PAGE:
The tax administrator
As a tax administrator, Prof. Ahwoi said, President Mills improved efficiency in direct tax collection and ensured a widening of the tax net to include a significant proportion of the informal sector such that revenue collection increased ten fold from the period 1988-1996.

In the area of direct taxes, he said, President Mills worked to achieve rapid growth from 1993 to 1996, with a growth in revenue of 700 per cent.

With regard to the Value Added Tax (VAT), he said, the late President played a major role in its introduction.

The politician
Prof. Ahwoi described President Mills as a man who entered politics with a vision of 'change'; change in the character of the NDC; change in the language of Ghanaian platform politics; change in the vicious cycle of vengeance, vendetta, vilifications and vengefulness in the politics of Ghana and change in the polarised politics of the time.

In and out of office, he said, his concern was how to design and develop programmes to lift them out of their state of underdevelopment and deprivation.

Peace, according to him, was the other virtue that Prof. Mills brought into Ghana's politics.

'He made it clear on assuming the presidency in 2009, that hounding or harassing the members of the previous government was not on his list of priorities.

President Mills also refused to heed to what appeared to be popular calls from within his party, the NDC, to put on trial for whatever reason, appointees and other office holders from the previous administration, a position some thought he would have been justified in taking because of the humiliation, embarrassment and trials the previous administration had put his colleagues through, including his wife, Mrs Ernestina Naadu Mills, when it won political power in 2001,' he said.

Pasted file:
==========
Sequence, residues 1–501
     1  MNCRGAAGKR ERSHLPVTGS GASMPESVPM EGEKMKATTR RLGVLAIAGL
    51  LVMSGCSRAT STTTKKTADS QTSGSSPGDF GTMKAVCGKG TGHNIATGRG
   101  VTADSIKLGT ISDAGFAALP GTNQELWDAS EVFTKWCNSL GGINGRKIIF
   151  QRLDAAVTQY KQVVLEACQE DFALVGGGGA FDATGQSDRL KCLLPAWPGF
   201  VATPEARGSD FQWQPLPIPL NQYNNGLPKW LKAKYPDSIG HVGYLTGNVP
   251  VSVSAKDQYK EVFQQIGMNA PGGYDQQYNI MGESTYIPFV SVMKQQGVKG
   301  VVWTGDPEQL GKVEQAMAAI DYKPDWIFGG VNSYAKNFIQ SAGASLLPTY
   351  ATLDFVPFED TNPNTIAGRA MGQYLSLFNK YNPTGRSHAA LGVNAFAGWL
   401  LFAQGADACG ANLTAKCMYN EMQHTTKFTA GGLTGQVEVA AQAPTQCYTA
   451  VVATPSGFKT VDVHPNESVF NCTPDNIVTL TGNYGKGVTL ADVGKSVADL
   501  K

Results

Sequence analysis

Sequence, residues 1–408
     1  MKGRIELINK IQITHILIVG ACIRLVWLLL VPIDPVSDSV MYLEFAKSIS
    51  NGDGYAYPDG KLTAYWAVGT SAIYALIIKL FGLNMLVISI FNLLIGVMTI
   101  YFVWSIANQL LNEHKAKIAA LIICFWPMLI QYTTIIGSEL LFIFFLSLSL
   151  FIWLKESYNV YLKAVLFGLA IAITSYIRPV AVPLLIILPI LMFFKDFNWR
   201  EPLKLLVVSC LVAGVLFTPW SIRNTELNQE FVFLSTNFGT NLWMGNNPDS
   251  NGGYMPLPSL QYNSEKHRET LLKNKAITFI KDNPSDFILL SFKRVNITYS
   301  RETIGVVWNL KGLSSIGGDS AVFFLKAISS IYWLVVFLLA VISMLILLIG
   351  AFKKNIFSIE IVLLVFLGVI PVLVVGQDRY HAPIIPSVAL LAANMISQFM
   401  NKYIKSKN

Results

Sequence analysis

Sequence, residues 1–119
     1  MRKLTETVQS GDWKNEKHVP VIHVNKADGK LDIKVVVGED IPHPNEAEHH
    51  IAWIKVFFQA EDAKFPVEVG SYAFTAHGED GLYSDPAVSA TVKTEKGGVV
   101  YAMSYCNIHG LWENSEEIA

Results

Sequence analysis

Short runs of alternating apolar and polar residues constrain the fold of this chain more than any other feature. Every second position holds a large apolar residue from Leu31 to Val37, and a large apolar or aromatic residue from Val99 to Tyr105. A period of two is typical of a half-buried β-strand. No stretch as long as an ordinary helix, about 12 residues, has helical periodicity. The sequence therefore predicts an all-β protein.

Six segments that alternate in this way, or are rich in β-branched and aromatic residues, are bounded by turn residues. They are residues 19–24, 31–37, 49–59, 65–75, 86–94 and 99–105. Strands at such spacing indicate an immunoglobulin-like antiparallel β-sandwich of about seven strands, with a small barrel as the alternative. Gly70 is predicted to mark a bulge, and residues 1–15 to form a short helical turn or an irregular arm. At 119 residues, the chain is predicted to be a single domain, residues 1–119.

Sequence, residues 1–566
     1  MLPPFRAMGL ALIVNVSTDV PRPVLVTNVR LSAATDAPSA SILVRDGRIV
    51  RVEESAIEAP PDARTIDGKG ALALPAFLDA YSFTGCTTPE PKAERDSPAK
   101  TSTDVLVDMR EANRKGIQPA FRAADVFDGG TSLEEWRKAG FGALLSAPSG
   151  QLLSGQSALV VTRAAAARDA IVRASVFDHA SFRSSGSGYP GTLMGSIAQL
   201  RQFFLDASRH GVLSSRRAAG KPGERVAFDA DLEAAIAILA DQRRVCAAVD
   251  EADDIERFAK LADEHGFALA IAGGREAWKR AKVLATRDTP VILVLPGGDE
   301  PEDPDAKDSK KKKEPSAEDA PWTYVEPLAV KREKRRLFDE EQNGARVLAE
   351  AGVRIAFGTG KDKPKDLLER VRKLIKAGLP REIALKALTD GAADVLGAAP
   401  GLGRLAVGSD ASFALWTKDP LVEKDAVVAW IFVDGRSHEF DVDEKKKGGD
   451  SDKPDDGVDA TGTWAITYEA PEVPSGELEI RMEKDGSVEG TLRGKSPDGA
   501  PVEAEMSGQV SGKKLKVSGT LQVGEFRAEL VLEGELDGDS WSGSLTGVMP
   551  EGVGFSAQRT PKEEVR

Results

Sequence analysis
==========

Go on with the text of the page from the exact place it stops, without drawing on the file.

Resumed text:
Understandably, he said, those were some of the reasons for his falling out with some leading members of the NDC, 'but it is also important to state that in whatever he did, President Mills had a sense of 'the state' which went beyond party ideological idiosyncracies.'

Dr Cadman Mills, a younger brother of the late President, said he would pursue objectives that Prof Mills would approve of if he were alive, including supporting the physically challenged.

The Chairperson of the occasion, Professor Miranda Greenstreet, described the late Prof. Mills as a humble man who had a lot of integrity and believed in serving mankind.

By Mark-Anthony Vinorkor/Daily Graphic/Ghana